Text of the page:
I had a good chance to maintain my German skills and to get over my fear of speaking German. I hope I have been able to help Daniel to learn the Finnish language, culture and way of living 🙂

We love food, sorry. “Bavarian evening at @TAMK

This time Jacqueline invited us to an event she was hosting with some other German girls at the Catering Studio. This time the girls didn’t prepared the dishes but another student from TAMK did. They had a menu on the wall and although I wanted to tried the “Schnitzel” I went with the salad “Kartoffelsalat” once more. We spend the evening talking about our plans for Christmas and when did we planned to go back to our countries.

Futhermore, we meet with some Maria and Jacqueline friends that we met on Oktoberfest and we learn how to play a German game called “Kniffel”. the point of the game was to collect the same numbers or a set of combination similar to the ones in Poker.

You could only roll the dice 3 times and you can keep the ones you thing are good enough to score a good combination.

  We also had the opportunity to see Jacky with her “Dirndl” on, this attire is mostly use in celebrations in Germany  or big gatherings like Oktoberfest.

Billiard at Mallashovi.

This evening was a bit out of the blue but, we manage to reunite at Mallashovi. One of the most famous bars among students and sport fans. We came up with a way of practicing the numbers and colours in Spanish and German. While we played we asked to the other team what was the colour or the number in German or Spanish. and so we had a fun evening and we learn and practice the vocabulary.

Spanish English German
azul blue blau
blanco white weiß
marrón brown braun
naranja orange orange
amarillo yellow gelb
rojo red rot
verde green grün
negro black schwarz

I already knew before hand the numbers from 1 to 10 but on this evening I practice some new numbers:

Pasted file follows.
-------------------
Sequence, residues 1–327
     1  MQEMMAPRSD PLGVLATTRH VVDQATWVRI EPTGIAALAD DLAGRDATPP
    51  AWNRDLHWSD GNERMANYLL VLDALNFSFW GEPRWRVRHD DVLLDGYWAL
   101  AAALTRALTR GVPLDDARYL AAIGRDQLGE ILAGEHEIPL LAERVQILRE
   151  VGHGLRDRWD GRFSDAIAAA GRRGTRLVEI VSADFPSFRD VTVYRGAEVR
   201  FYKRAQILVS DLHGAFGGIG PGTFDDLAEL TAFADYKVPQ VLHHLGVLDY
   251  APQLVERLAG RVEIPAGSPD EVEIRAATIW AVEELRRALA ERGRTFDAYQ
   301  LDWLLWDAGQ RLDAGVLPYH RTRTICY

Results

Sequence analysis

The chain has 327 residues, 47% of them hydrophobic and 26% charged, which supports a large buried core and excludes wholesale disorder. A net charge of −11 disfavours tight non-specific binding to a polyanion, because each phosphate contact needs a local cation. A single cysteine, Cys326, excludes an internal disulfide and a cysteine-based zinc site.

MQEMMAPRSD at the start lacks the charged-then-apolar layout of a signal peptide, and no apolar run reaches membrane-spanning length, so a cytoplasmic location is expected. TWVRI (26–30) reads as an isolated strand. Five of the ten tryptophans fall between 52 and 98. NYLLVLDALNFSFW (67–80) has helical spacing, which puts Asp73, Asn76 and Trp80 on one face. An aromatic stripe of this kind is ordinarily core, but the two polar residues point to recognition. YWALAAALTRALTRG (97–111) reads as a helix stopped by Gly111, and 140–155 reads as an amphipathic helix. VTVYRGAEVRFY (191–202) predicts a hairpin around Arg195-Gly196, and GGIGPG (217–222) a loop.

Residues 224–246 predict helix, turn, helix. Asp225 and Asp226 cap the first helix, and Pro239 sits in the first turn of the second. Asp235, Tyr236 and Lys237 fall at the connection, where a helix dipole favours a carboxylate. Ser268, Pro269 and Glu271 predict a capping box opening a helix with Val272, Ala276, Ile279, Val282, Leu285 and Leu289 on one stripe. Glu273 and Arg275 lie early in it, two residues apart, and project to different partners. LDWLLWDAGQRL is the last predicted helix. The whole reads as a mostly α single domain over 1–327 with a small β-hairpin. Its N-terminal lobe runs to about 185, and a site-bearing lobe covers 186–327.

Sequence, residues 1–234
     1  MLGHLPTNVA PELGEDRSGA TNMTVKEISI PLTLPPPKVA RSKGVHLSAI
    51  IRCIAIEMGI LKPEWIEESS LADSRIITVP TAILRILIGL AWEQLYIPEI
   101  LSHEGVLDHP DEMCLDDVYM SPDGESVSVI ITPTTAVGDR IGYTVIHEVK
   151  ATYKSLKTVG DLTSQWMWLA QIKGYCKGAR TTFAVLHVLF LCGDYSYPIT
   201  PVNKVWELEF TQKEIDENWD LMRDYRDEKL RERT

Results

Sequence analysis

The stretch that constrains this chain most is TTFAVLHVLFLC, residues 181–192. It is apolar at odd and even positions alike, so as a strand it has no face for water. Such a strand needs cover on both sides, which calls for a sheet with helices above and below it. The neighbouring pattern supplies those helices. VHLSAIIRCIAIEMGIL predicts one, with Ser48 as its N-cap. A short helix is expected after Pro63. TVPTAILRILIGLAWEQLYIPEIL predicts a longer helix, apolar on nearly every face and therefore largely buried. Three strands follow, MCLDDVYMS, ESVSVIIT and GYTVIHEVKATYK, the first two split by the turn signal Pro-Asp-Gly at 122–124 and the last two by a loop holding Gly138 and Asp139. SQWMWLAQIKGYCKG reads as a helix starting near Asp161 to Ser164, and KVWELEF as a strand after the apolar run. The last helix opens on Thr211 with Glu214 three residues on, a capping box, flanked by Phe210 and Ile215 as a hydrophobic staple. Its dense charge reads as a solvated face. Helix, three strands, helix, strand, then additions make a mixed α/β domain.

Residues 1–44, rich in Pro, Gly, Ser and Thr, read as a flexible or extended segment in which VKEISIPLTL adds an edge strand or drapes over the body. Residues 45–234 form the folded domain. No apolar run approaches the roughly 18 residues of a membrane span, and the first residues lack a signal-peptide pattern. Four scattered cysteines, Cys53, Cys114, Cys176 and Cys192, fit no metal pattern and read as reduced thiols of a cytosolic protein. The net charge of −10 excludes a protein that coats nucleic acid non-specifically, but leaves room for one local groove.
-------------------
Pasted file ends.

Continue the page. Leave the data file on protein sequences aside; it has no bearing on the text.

Spanish German
once 11 elf
doce 12 swölf
trece 13 dreizehn
catorce 14 vierzehn
quince 15 fünfzehn
diez  y seis 16 sechzehn
diez y siete 17 siebzehn
diez y ocho 18 achtzehn
diez y nueve 19 neunzehn
veinte 20 swanzig

 

Farewell- Independence Day Reception

Yesterday afternoon our EOTO group attended the Independence Day Reception at Tampere City Hall. The programme consisted in a choir, a speech, a theatre work and a light buffet dinner. I was impressed by how big and elegant the city hall was.

The buffet dinner consisted in typical Finnish food (Karelian pie, reindeer pastry, 100 vuotta vanha cake), and wine.

Here is some vocabulary that we learnt during the evening:

English- Spanish- Chineese- German

  • Birthday- Cumpleaños- 生日 (shengri)-  Geburtstag
  • Cake- Tarta- 蛋糕 (dangao)- Kuchen
  • Wine- Vino- 葡萄酒 (putaojiu)- Wein
  • Reindeer- Reno- 驯鹿 (xunlu)- Rentiere
  • Farewell- Despedida- 告别 (gaobie)-  Abschied
  • Present- Regalo- 礼物 (liwu)- Geschenk
  • City hall – Ayuntamiento- 市政厅 (sizen ting)- Rathaus
  • Theater- Teatro- 剧院 (juyuan)- Theater
  • Banquet hall- Sala de banquetes- 宴会厅 (yanhui ting)- Festsaal
  • Independence – Independencia- 独立(duli)- Unabhängigkeit
  • Party – Fiesta- 派对 (paidui)- Feier
  • Elegant – Elegante- 再见(zaijian)- Elegant

After having dinner, we took several pictures at different places of the city hall and also at the photocall they had installed for TAMK, UTA and TUT students.

Once the party was over, it was time to say goodbye, and Loy gave each of us a Malaysian keychain as a farewell gift.

I really liked the Each One Teach one course, because in addition to meeting great people from different countries, and knowing more about their culture and their language, in each meeting we did many different funny activities, although the worst part is that I’m going to miss a lot all of the members of my group. It was a pleasure to meet all of you! Who knows, maybe we will see each other in the future in each other’s country!

Hockey Match

Last Tuesday we went to watch an ice-hockey match at the Tampere ice stadium (Tappara against Ässät). For me, it was the first time that I saw an ice-hockey game, and I really liked the experience.
While we watched the game I explained them that in Spain we don’t have teams of cheerleaders like in Finland and in other countries, at least in small cities, and the sport that is most practiced is football, since Spain has various of the most famous football teams in the world, like Real Madrid and Barça. In Germany one of the sports that is most practiced is tennis, although football is also one of the favorites sports, and in Malaysia football is also the preferred sport. We also learnt some vocabulary related to ice- hockey in German, Chineese and Spanish.

English- German- Chineese- Spanish

(ice)Hockey – Eishockey-  曲棍球 (qugunqiu) – Hockey (sobre hielo)
Hockey stick – Eishockeyschläger- 曲棍球棍 (qugunqiugun) – Palo de hockey/stick
Game – Spiel- 游戏 (youxi)- Juego/partido
Tricot – Tricot- 经编 (jing bian)- Camisola
Team – Mannschaft- 队伍 (duiwu)- Equipo
Referee – Schiedsrichter- 裁判 (caipan)- Árbitro